is there a good pattern for how to send multiple calls to a web service but without taxing it and ensuring the data is sent back? I don't know enough to correctly describe the problem to even start googling it properly - current google results compare streaming vs. non-streaming wcf answers?

Scenario: I am working on an app (I'm a jr. dev.) that needs to gather information from several sources about a 'customer' and the domains they own

Technical: for one of the sources, I need to send a string array of domains to a web service and this web service returns an entry for each domain name, but this list of domain names will be thousands long - I would like to attempt to divide this list into bite-size chunks (1k domain names each) and then... queue them up to send to that web service, but ensure the web service doesn't skip one

PseudoRequirements: Consumer of web page does not care how long it takes, but would like a list of results up front that does not require pagination to navigate.

Current Theory: Should I take my massive 30k list, break it into 1k chunks, stuff each 1k-sized chunk into a 'request' object, assemble those 'request chunks' into a 'request chunk list' and iterate over that list (sequentially / blocking, so I don't strangle the WS) and for each 'request chunk' get back a 'response chunk' assemble those into a list, and then pass that list back into the front end for viewing? is this a viable method? is there a better way to queue items? Does anyone know off-hand any useful articles for this sort of queuing? are there any 'gotchas' or additional items to consider before I attempt my first pass?

Additional Edits: -I do not have full control to the receiving service, I can not view it's code and the developers that manage it are... less than responsive to email. I do not currently know the stress testing limits of the web service. I emailed the owners of that component but have yet to receive a response - I was going to work up my design while I waited on them.

  • It is very likely that many small requests are going to be far harder on the server than a single large one. Also, 30k doesn't seem remotely "massive" in this day an age.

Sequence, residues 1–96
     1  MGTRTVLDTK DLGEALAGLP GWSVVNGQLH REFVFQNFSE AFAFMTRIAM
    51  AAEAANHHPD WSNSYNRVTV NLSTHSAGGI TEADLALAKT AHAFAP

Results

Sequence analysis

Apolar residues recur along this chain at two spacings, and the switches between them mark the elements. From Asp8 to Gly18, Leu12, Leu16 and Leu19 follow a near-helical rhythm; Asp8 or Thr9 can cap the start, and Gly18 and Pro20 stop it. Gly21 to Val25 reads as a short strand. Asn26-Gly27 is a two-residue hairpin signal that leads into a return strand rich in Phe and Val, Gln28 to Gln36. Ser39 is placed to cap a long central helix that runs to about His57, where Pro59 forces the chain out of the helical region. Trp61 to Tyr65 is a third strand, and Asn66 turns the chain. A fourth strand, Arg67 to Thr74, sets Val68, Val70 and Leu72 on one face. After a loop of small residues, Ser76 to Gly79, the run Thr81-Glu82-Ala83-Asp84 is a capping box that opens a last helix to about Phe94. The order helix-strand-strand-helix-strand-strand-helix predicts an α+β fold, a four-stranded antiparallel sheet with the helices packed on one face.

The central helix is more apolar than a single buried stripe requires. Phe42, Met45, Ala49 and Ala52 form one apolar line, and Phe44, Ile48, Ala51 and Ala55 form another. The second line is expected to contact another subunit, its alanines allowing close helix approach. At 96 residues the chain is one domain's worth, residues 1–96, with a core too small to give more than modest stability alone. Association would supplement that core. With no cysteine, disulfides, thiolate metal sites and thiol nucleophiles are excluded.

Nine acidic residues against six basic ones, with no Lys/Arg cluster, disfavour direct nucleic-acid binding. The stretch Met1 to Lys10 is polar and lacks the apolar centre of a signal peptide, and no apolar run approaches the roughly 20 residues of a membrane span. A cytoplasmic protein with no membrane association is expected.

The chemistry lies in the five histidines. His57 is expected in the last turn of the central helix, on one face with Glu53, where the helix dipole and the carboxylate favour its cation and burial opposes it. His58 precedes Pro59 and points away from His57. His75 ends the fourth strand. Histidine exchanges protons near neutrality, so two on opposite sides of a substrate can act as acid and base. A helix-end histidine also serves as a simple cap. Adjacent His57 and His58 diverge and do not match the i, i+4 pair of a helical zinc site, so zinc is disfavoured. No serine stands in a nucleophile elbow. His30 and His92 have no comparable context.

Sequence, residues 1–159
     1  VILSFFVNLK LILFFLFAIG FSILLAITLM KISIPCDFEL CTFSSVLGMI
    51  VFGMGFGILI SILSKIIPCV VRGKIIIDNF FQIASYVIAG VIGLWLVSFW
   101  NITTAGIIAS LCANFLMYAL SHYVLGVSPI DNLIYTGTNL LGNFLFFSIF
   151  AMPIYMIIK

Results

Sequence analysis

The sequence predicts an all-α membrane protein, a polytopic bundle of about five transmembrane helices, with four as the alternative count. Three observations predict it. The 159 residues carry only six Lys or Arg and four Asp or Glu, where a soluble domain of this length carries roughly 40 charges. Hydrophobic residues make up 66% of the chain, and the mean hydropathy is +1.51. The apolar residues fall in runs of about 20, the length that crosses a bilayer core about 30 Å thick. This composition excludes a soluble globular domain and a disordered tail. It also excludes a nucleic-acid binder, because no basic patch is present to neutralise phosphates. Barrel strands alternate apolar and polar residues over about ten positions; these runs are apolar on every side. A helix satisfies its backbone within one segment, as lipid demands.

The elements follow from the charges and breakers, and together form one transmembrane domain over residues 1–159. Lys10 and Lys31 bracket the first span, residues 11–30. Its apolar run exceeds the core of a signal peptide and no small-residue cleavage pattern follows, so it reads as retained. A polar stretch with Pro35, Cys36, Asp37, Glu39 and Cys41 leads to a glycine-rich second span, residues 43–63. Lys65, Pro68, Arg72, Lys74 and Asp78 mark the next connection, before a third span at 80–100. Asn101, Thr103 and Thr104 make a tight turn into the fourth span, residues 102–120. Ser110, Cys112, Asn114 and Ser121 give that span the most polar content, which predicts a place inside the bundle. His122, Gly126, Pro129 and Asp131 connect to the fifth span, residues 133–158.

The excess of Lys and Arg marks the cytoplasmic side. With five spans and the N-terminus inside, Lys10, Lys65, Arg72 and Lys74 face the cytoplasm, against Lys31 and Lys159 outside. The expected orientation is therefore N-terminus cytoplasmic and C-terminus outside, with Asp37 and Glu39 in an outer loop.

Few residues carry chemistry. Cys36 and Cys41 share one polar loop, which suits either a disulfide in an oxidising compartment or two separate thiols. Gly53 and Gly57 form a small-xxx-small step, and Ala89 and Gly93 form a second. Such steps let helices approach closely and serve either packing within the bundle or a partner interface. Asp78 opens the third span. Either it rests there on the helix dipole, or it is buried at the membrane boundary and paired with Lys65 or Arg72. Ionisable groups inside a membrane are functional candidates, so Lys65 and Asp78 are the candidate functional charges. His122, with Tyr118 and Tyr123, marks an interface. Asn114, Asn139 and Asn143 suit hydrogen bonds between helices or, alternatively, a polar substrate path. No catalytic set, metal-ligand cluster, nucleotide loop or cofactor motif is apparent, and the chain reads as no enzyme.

– user53141
    Dec 10, 2013 at 20:27
  • You say you don't have enough knowledge to start googling the problem... Try "chatty vs chunky".
    – Mike
    Dec 10, 2013 at 20:46
  • Honestly I'd first make REALLY sure that the human user really wants this feature where "he waits no matter how long in order to get an unwieldy list of data".Wouldn't they much rather prefer to have a paginated presentation? Did they actually see a mock-up of how such a list would actually look, and possibly if they would really,hands-on,tolerate "no matter how long waiting time"?It might just be that they change their opinion on this if you discuss it with them in more detail, and in turn make your job easier (no need to whack your head to see how you can transfer 10 Mb of text via http)... Feb 10, 2014 at 13:25
  • @ShivanDragon, excellent suggestion, I did talk with the user and when he stated that he was just being accommodating due to the fact that I'm a junior developer and he wanted something faster, since this post and talking to him he does want pagination at a later date, do you have any suggestions on how to 'add' pages into the pagination as they come in via AJAX? the only source code I have to copy/learn from in this project is web forms and all the data is gathered, databound, and then presented... I'd love to construct something that adds pages as the results come back